Over yonder in the corner is a man who has just taken off the upper half of a flask. He has a long, light mustache, and when dressed and washed up is doubtless a handsome fellow. He sings a little ditty while filling up bad places in the mould. The pattern he has just molded is the sides of a heating stove, and the beautiful figuring and name of the patentee, "G. G. Hunt," stands out beautiful in the black dirt. The foundry has an order to make 1,000 of Hunt's Dakota stoves, and will get them out in style.

Near the middle of the shop is a man, stout built, and busy, with auburn chin whiskers and a slight brogue when he speaks, finishing the molding of a heavy ring. Deftly he handles the little brass tool as he fills a place here or rubs down a protuberance there. With wretched carelessness, it looks to us; he scoops out holes for the metal to run in without disturbing a grain of sand from its proper position. There is a fascination in watching. We look from one to another, and take no note of time. The last flask is filled, the clamps put on, and the "blast" started. Boys with shovels put the dirt in a pile, and an attempt to "tidy up" is made. Everyone feels free. Work is suspended, and judicious skylarking prevails among the workmen.

Over there in a little nook is a tall boiler looking concern, it is the cupola or furnace. It has been filled from the top with a mixture of iron and hard coal. A fire has been lighted beneath, and the "blower" set to work. This is a rotary fan set in motion by the engine. A pipe runs along the ground through which the wind is conducted into the furnace. It acts in the same way as a blacksmith's bellows, only a hundred times more intense. As we approach to look there is an immense roar. Fire and flame, fly from an orifice in the bottom of the furnace. From this opening the melted iron is drawn. The pyrotechnic display is beautiful (and hot), bright sparks of metal in beautiful stars are driven to the opposite wall. A bright piece of coal shoots out, and all the time the blue flame issues from the orifice, giving the effect of a huge Roman candle. The men are getting the pots ready to carry the metal. They heat them by the furnace, and stand by to wait the word. Presently a few drops of liquid metal begin to issue forth and fall to the ground. The attendant with a long poker clears out the slag and cinders from the spout. Now the metal runs faster. The man makes a ball of fire clay and puts it on the end of a stick. The red fluid runs more freely, and by a quick motion, with the ball of clay, the hole is stopped and the Roman candle is extinguished. The short, stubbed man that is looking into everything, and directing the matters in general, is Mr. Crumb, the "boss." He is a thorough workman, and knows all about casting. In a few moments a hole is made through the ball of clay with an iron bar. An earthen crucible or pot is set beneath the spout, and the beautifully red stream runs like molasses. The metal is carried to the flasks, poured into the holes prepared until they are full, and left to cool.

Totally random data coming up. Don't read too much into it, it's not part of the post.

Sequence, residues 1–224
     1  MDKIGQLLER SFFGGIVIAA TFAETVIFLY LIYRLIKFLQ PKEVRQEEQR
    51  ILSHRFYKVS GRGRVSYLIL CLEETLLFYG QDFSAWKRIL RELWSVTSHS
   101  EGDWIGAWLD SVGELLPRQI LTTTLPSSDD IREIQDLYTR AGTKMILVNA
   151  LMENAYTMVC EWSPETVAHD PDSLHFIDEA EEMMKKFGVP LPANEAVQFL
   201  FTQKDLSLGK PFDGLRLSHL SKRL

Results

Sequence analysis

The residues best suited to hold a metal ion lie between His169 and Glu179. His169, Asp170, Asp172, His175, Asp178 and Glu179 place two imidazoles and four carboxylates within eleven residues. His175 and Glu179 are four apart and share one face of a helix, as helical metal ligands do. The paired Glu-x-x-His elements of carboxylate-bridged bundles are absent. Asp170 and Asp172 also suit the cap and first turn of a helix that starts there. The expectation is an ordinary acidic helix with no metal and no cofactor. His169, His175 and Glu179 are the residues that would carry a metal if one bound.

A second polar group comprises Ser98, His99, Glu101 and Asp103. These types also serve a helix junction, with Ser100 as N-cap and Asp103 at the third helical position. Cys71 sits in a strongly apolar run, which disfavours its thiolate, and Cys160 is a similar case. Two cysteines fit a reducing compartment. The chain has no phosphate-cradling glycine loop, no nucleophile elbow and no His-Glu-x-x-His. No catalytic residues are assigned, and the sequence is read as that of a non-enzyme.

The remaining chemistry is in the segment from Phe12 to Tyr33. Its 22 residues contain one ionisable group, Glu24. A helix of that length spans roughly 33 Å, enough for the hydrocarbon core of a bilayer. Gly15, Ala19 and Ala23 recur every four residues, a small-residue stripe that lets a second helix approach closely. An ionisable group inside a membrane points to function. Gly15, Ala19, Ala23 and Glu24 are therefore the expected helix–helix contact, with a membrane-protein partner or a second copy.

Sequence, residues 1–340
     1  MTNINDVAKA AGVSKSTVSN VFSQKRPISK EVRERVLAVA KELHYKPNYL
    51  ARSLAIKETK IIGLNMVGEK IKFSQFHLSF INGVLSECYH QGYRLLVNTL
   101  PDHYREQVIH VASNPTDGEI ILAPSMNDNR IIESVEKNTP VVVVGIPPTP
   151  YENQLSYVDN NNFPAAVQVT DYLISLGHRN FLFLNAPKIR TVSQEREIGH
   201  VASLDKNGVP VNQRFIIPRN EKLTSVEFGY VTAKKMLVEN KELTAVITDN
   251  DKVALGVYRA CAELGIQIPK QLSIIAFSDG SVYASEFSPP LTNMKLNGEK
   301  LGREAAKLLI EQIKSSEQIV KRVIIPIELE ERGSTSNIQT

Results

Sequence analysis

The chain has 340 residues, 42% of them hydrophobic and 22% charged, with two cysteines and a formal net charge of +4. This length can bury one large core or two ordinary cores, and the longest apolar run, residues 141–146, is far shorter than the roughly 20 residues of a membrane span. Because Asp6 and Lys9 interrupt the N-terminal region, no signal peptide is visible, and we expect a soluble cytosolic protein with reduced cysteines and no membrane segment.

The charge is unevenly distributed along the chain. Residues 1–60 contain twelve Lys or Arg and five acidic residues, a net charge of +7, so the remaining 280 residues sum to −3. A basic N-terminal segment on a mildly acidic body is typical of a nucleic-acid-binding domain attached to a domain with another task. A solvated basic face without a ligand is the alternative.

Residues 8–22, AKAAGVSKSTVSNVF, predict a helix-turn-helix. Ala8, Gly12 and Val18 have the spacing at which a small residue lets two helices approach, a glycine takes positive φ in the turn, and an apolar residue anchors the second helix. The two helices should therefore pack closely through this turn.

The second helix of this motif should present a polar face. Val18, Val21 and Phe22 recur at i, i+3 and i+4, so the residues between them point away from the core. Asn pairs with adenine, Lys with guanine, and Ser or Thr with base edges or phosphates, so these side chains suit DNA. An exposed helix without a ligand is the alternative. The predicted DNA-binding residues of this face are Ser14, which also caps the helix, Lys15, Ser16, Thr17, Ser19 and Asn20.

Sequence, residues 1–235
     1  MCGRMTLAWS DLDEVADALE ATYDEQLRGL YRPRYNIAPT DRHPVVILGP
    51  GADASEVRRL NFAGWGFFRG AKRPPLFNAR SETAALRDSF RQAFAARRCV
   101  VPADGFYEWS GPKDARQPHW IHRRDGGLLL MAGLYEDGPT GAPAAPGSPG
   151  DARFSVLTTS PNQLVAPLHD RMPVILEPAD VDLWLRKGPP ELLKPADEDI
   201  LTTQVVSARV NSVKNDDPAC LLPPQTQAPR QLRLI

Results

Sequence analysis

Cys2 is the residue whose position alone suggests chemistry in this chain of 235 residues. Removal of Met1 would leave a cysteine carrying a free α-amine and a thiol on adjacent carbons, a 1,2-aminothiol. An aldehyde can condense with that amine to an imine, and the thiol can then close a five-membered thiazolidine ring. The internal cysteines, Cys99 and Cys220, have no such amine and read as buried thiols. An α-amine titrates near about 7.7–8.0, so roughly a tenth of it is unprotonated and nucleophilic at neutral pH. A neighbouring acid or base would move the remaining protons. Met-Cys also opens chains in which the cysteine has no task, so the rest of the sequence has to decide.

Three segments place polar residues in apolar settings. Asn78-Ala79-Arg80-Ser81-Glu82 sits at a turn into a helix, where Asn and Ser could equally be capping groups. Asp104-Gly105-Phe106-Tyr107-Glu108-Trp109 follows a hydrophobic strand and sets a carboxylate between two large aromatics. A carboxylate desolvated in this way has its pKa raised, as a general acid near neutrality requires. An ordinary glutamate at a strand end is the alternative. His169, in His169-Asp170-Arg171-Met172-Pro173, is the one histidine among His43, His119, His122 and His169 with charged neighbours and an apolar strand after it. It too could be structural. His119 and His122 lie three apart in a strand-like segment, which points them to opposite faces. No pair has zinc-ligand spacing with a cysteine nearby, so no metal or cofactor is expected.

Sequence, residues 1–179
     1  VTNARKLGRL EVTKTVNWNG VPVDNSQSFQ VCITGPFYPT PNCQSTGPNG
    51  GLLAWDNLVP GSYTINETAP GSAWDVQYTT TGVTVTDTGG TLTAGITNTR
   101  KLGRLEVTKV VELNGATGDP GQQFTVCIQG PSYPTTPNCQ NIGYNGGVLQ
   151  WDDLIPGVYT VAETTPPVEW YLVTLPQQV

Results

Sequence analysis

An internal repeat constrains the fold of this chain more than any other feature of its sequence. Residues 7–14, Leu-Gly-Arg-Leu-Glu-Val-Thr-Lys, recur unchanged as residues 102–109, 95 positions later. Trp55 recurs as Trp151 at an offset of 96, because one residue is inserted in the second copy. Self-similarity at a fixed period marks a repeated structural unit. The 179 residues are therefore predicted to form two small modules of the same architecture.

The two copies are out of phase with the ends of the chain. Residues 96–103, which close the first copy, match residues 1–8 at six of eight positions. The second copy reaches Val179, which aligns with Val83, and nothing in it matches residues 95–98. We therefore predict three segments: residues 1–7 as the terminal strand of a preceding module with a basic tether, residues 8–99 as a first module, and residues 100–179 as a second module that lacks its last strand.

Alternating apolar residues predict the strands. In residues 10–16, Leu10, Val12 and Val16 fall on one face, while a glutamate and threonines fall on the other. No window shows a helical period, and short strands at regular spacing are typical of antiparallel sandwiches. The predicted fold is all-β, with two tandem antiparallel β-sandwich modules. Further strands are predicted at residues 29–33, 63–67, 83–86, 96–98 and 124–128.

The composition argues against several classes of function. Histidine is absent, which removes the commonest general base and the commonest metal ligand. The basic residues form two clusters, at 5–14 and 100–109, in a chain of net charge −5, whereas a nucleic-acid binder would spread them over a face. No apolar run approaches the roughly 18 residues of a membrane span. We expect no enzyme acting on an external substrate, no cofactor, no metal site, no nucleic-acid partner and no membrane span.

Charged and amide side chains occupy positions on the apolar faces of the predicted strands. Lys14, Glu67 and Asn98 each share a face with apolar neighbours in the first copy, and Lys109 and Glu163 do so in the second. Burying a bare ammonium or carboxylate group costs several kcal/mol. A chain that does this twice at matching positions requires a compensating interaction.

And now, bless me! It is six o'clock, and we promised to be home to supper. Tearing ourselves away from the fascinations of this dingy old room, we return to the aforesaid hitching post to find the "old Dick" has broken his bridle and bit. Got a new bit from Owen, tied up the fractures and "light out," reaching home in due season.



Last Modified on 2012-12-20 01:50:57-0600 CST by Elmer Dickson